A Novel Use of a Concurrent Operant Assessment to Assess Severe Challenging Behavior
GRACE E SYLVESTER (Western Michigan University), Jessica Detrick (Western Michigan University ), Kelsey Stapleton (Western Michigan University), Stephanie M. Peterson (Western Michigan University)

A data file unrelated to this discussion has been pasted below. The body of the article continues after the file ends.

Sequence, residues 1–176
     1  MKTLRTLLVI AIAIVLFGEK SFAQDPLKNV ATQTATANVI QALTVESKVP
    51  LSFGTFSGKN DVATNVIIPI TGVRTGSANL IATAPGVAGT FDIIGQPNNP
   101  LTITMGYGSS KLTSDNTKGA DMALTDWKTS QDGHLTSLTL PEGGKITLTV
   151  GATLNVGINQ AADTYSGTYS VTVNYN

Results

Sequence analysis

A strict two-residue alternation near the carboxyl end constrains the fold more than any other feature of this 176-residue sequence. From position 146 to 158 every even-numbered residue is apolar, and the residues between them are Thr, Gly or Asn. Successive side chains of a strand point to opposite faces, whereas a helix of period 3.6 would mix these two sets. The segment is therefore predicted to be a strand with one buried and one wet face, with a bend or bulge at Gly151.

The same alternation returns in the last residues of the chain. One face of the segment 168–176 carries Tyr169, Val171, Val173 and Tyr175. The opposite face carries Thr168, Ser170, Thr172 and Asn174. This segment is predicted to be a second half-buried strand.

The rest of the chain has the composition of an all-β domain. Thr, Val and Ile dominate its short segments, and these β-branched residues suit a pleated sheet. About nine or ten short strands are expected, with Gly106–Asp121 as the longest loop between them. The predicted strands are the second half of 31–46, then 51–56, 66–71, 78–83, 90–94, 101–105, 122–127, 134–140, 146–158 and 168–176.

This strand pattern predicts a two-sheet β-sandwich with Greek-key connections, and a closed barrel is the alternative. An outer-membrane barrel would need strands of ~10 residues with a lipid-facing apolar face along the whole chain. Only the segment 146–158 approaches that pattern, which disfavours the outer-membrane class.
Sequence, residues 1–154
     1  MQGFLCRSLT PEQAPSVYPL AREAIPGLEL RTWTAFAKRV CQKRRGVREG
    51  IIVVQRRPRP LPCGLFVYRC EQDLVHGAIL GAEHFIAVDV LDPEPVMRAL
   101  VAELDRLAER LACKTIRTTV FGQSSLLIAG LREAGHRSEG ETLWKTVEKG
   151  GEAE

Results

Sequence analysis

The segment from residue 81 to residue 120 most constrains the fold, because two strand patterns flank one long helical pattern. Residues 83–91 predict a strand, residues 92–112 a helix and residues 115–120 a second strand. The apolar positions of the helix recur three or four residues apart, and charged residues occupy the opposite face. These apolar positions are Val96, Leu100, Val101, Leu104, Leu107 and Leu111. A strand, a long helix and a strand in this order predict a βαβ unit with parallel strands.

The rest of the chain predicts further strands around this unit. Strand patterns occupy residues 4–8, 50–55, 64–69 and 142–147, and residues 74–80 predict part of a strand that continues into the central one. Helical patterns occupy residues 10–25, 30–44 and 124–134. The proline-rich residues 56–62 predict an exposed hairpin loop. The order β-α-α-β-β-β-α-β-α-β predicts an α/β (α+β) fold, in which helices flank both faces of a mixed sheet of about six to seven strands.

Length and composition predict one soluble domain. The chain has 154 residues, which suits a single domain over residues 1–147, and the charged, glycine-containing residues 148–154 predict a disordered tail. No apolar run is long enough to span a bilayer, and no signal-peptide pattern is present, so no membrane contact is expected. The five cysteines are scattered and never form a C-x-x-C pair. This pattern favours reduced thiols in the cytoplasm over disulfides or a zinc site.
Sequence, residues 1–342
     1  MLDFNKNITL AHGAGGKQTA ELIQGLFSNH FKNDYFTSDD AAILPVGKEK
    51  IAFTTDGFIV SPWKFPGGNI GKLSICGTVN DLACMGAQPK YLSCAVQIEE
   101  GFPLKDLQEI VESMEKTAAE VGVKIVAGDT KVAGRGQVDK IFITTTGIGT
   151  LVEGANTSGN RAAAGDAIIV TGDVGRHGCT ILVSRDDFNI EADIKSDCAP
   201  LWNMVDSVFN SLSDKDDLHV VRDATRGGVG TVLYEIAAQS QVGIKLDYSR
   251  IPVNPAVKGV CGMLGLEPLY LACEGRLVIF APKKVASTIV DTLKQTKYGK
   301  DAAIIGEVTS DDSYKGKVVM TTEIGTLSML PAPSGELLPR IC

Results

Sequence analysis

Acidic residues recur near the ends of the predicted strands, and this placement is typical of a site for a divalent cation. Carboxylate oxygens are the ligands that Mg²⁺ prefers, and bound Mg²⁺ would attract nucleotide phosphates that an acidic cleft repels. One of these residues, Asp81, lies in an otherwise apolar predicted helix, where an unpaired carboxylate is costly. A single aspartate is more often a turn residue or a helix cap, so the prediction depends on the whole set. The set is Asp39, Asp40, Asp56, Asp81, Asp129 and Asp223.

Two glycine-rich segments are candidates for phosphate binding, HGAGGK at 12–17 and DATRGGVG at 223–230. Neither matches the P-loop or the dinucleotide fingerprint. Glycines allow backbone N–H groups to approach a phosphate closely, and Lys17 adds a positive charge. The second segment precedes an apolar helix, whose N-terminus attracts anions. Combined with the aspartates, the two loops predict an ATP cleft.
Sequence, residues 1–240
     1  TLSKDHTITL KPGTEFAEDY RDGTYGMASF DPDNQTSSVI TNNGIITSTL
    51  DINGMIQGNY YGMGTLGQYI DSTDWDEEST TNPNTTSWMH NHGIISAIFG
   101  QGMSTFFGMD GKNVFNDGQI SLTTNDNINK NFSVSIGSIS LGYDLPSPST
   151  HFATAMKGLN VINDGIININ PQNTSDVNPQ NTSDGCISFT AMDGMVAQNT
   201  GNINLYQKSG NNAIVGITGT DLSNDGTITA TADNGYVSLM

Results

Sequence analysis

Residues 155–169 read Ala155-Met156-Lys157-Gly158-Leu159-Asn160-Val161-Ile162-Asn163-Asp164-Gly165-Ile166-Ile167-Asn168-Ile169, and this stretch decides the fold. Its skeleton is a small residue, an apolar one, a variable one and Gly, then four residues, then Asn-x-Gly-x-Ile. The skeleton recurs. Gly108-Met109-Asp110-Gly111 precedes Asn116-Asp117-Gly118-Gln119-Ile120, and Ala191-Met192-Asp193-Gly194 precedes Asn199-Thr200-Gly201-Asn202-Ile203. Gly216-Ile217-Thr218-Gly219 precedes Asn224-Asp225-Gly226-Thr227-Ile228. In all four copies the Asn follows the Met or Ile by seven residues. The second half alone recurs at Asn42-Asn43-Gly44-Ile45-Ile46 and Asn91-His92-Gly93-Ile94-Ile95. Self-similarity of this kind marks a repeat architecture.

Abstract: The current study investigated the use of a concurrent operant assessment to evaluate the function of severe challenging behavior presented by a female adolescent diagnosed with autism spectrum disorder and visual impairment. These assessments use a choice-making paradigm and are sometimes used as an alternative to functional analyses, especially when evoking and reinforcing challenging behavior can be dangerous. Typically, this assessment involves simultaneously presenting two or more stimuli and measuring time allocation to each option. This procedure most often involves separating a room into two separate areas, visually separating the physical space, and asking the client to go to their preferred area. However, for a client with visual impairments whose problem behavior includes refusing to move, such as with this client, accommodations to a concurrent operant assessment are required. We found limited to no research describing a concurrent operant assessment to address these needs. This case example describes how we successfully adapted this assessment using vocal-verbal prompts and participant responses. Results of the assessment suggested that the challenging behaviors were likely to be maintained by access to specific types of attention and that attention was likely a competing function to escaping from demands. Implications behavior treatment planning will be discussed.